Unique Tokyo Experiences
Take a moment to get inspired with the best things to eat, see and do in Tokyo, along with a few hints on how to get around.
No city offers more exciting culinary experiences than Tokyo. It is a gourmet foodie paradise, but there are endless undiscovered local options to try, too. Look for noodle shops serving thick tsukemen with a rich broth or abura soba, soupless noodles; hot pot chanko-nabe, a favorite of sumo wrestlers; sushi as fresh as it gets at Tsukiji Fish Market or a conveyor belt restaurant; and old-school izakaya under the railway arches. How do you find the best taste of Tokyo? Look for the longest line. Locals are never wrong—it’s always worth the wait.
In a city that honors tradition and embraces all things new, must-see landmarks range from 7th-century temples to gleaming modern towers. Visit the iconic “Thunder Gate” at Sensoji Temple, Tokyo’s oldest temple. Explore Ueno Park, home to over 1,000 cherry blossom trees. April is the best time of year to catch them in full bloom. The park is also home to the Ueno Zoo and museums worth a visit any time. Shibuya Sky, an open-air observation deck above Scramble Square, offers spectacular views all day, but the nighttime cityscape is awe-inspiring.
Tokyo is a patchwork of distinctly unique neighborhoods. In Harajuku, iconic Takeshita Street is one long, walkable alley that celebrates all things kawaii, including cosplay, anime, and wild, colorful, over-the-top adorable fashion. Shinjuku is a mix of gleaming skyscrapers and back streets with trendy restaurants and tiny bars that hum until the sun comes up. Akihabara is jam-packed with electronics shops and GiGO centers. Step back in time to Yanaka and Nezu, with traditional wooden houses, izakaya pubs and coffee shops, narrow back alleys, and stores selling old-style sweets and snacks.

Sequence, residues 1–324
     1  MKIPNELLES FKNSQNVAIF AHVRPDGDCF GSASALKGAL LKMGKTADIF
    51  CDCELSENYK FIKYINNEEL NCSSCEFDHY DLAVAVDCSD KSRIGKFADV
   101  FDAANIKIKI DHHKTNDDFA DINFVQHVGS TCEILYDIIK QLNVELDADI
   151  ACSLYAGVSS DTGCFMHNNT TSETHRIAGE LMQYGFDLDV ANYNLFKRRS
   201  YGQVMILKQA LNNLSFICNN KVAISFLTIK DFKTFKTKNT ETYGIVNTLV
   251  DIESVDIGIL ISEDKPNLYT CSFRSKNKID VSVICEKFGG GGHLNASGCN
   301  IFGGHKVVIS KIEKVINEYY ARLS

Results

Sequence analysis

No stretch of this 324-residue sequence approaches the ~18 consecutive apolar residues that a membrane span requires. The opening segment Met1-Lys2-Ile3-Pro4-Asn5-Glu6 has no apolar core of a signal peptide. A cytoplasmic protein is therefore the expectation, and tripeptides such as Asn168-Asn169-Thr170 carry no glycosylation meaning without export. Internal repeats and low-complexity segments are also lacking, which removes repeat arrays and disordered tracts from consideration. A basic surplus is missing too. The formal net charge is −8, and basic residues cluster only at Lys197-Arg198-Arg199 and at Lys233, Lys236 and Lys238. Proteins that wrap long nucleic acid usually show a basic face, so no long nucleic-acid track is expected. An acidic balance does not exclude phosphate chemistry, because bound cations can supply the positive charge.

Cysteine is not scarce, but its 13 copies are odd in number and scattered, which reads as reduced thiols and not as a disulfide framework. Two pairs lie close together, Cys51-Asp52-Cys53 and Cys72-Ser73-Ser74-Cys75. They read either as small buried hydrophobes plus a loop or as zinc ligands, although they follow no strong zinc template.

The Metro and Japanese Rail (JR) systems carry almost 9 million riders daily on a tangle of 13 different lines. While it might seem daunting at first, the trains are extremely efficient, run on time, and take you everywhere you want to go—and stations are well-equipped with English signage. Locals commuting by bicycle is a clue that the city is safe for cyclists. There are many bike lanes and plenty of bike-share and rentals available. Try another traditional way to get around Tokyo, the suijo water bus is a fun alternative offering a view of the city from a distinctively different viewpoint.
Looking for a place to stay while in Tokyo? Check out these hotels offering great locations with even better rates.
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